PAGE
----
explained by wrens selecting habitat based on highly localized characteristics such as branch configuration ra ther than larger scale community or ecosystem types (Hutto 1985). Although tree height in isolation was not in this case an important determinant of wren distribution, amount and type of tree cover did appear to have significant effect. For example, the s election of local areas of tree cover within the greater context of a disturbed area by Rufous and white Wrens might mimic conditions within intact forest tree cover and therefore provide just as optimal of an environment. An apparent problem with this int erpretation of the observed wren distribution remains in the level of habitat and microhabitat distribution overlap that still occurs. Rufous and white wrens do not occupy any space without House and Plain Wrens. In light of my observation that all wrens appear to be competing and surviving equally, I explain this apparent contradiction with the Theory of Competitive Exclusion (Gause & Witt 1935) by the partitioning of habitats into edge and interior areas. Because edge areas provide different characterist ics than forest interiors such as higher light and wind inputs, (Barbosa et al., 2010), certain species have adapted characteristics to take advantage of these additional niches (Hutto 1985). While Plain Wrens were observed within primary forest, which ten ded to be generally dominated and preferred by Rufous and white Wrens, the occurrence of Plain Wrens was largely restricted to edge areas, whereas Rufous and white Wrens made greater use of interior space. The proximity of preferred habitats to suboptimal ones may also allow optimal areas to act as source pools for the local movement of species between habitat types (Winker et al ., 1995). Interestingly, the observed preference of the Rufous and white Wren for closed primary forest corresponds to the species open areas in wetter habitats (Stiles and Skutch 1989, Burke 2004). Its increased presence in wet primary forest may therefore represent a shift into suboptimal habi tat caused by competition with the Plain Wren for secondary like growth (Winker et al., 1995). The second possibility for explaining the lack of difference observed between wren abundances is that the apparent equilibrium may in fact reflect not coexisten ce but a rather an isolated time state within an ongoing process of competition and eventual exclusion (Sirami et al ., 2009). Further examination of this system over longer time scales is needed to determine whether local wren populations are actually in equilibrium or undergoing change. If habitat transformation continues favoring certain habitat types, the abundance proportions of wrens may shift toward the proportion observed in that habitat; because House Wrens were observed to succeed within disturbe d habitat, their population in San Luis is likely to grow with increasing disturbance. Furthermore, mosaic like division of environments increases the proportion of edge space within habitats, which can alter species compositions by changing characteristi cs and suitability (Kupfer and Runkle 2003). In this study, Plain Wrens appear to benefit by the creation of more edge space. An examination of overall abundance reveals that while areas of disturbance contain different amounts of overall wren presence th an forested areas, this effect is dependent on the type of disturbance. In terms of the species considered here, abundance of individuals actually increases in all home and garden areas in comparison with primary forest, for example, while remaining relat ively unchanged in pastures (although examination of pasture interiors or pastures without edge trees would likely return lower wren abundance, according to trends observed in this study). Observations of increased bird abundance in disturbed areas may app ear to contradict findings of numerous other studies (Lee et al., 2010). However, my study does show a shift in species success and dominance occurring in both types of disturbed habitat, with the House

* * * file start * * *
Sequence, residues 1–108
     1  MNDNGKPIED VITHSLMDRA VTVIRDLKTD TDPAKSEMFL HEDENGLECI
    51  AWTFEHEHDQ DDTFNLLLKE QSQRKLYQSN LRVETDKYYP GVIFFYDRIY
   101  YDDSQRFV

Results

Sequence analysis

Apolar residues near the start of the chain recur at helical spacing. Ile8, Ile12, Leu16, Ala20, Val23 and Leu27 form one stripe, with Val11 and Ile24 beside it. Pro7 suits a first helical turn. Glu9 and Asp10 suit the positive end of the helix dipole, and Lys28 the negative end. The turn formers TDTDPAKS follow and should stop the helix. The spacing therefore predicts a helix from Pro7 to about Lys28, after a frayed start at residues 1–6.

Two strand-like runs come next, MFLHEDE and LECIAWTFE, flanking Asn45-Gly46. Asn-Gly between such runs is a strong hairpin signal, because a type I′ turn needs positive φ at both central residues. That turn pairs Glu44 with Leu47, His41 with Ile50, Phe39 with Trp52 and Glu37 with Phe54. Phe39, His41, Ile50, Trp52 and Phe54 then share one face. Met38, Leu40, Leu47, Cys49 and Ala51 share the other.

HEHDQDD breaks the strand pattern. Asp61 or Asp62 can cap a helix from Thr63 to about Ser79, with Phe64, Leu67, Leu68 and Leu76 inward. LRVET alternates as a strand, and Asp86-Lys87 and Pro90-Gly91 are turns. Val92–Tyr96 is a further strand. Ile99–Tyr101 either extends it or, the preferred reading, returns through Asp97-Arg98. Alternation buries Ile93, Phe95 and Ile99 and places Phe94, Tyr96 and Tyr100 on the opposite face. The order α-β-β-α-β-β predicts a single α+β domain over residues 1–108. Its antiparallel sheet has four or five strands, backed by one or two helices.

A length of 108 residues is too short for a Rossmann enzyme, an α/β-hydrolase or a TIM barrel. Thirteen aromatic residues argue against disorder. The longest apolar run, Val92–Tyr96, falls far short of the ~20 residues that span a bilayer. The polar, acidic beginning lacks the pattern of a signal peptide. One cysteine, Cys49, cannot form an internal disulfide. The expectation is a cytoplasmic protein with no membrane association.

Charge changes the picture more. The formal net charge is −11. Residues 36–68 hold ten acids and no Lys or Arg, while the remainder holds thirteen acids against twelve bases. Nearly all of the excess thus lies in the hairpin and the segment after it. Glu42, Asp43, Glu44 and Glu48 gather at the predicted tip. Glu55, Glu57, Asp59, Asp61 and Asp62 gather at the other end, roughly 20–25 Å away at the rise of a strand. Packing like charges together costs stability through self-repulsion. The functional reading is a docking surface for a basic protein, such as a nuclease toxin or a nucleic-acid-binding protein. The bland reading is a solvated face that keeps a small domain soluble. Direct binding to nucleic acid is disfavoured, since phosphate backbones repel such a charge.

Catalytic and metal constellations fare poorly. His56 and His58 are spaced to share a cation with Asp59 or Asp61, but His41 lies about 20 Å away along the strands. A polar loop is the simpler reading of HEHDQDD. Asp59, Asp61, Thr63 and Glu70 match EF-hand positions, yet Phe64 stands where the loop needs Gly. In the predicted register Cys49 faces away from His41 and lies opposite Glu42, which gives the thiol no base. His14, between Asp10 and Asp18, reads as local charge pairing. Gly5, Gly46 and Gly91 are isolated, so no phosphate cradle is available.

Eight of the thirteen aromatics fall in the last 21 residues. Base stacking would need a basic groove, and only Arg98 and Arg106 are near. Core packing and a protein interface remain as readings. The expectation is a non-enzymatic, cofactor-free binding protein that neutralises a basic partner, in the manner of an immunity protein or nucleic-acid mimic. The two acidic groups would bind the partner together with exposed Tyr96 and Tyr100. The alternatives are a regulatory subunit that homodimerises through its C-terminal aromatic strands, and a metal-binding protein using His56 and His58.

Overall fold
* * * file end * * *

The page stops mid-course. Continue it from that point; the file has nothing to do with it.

Wren benefiting. This result agrees with previous st composition toward different or more generalized species in the presence of disturbance (Sirami et al ., 2009). Furthermore, overall wren responses to disturbance appear to depend on the heterogeneity of the resulting habitat. Each habitat observed in this study is comprised of a combination of the microhabitats also described. When viewed as such, the abundance of wrens within a habitat becomes a function of the amount of microhabitats or niches available. Therefore structurally heterogeneous disturbed habitats such as homes and gardens may be much less detrimental to sustaining populations than homogeneous disturbances such as pastures. Despite this observation, the restricted variety of species considered in this study necessitates the consideration that all organisms do not respond similarly to such factors. Nonmigrant species, for example, may select habitat based on differently scaled characteristics than migratory species or species with wider day to day ranges (Hutto 1985) and thus microhabitat partitioning may not be possible for other species, resulting in their exclusion from disturbed habitats. Such complex potential trends are important to consider and study further in the face of further development due to their implications for future biodiversity. ACKNOWLEDGEMENTS I would like to thank Karen and Alan Masters for their assistance in developing my project concept, Pablo Allen for aiding and advising me during the writing process, and Federico for his help identifying different wren species. I would also like to thank the Leiton family and the Finca La Bella project for allowing me to birdwatch on their properties. Finally, I owe this entire opportunity and experience to the support and generosity of my parents, Morgan and Don Most. LITERATURE CITED Burke, A. (2004), Niche partitioning among the Plain Wren ( Thryothorus modestus ), Rufous and white Wren ( T. rufalbus ), and Gray Breasted Wood Wren (Henicorhina leucophyrs ) along an altitudinal gradient in Monteverde, Costa Rica. CIEE Tropical Ecology and Conservation. Monteverde, Costa Rica, 169 176. Chazdon, R.L. and N. Fetcher. (1984), Photosynthetic light environments in a lowland tropical rain forest in Costa Rica. Journal of Ecology, 72: 553 564. Cr onholm, M. (1999), Vertical niche partitioning between Gray breasted Wood Wrens ( Henicorhina leucophrys ) and Ochraceous Wrens ( Troglodytes ochraceus). CIEE Tropical Ecology and Conservation, Monteverde, Costa Rica, 143 147. Gause, G.F. and A.A. Witt. (193 5), Behavior of mixed populations and the problem of natural selection The American Naturalist, 69: 596 609. Hutchinson, G.E. (1991), Population studies: animal ecology and demography Bulletin of Mathematical Biology, 53: 193 213. Habitat Selection in Birds Academic Press, Inc.